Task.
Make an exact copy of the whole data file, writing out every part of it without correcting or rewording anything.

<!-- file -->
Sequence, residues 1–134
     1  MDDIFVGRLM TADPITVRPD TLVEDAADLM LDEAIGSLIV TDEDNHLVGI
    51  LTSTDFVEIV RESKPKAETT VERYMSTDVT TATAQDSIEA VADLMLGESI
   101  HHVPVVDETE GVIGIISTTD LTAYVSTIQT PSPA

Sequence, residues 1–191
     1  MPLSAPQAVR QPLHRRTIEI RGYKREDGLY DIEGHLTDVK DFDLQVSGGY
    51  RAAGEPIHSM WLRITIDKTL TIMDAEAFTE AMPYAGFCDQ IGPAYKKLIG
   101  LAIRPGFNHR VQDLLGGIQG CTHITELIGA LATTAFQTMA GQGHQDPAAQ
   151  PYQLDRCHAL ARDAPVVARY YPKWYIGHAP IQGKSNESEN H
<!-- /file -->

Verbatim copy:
Sequence, residues 1–134
     1  MDDIFVGRLM TADPITVRPD TLVEDAADLM LDEAIGSLIV TDEDNHLVGI
    51  LTSTDFVEIV RESKPKAETT VERYMSTDVT TATAQDSIEA VADLMLGESI
   101  HHVPVVDETE GVIGIISTTD LTAYVSTIQT PSPA

Sequence, residues 1–191
     1  MPLSAPQAVR QPLHRRTIEI RGYKREDGLY DIEGHLTDVK DFDLQVSGGY
    51  RAAGEPIHSM WLRITIDKTL TIMDAEAFTE AMPYAGFCDQ IGPAYKKLIG
   101  LAIRPGFNHR VQDLLGGIQG CTHITELIGA LATTAFQTMA GQGHQDPAAQ
   151  PYQLDRCHAL ARDAPVVARY YPKWYIGHAP IQGKSNESEN H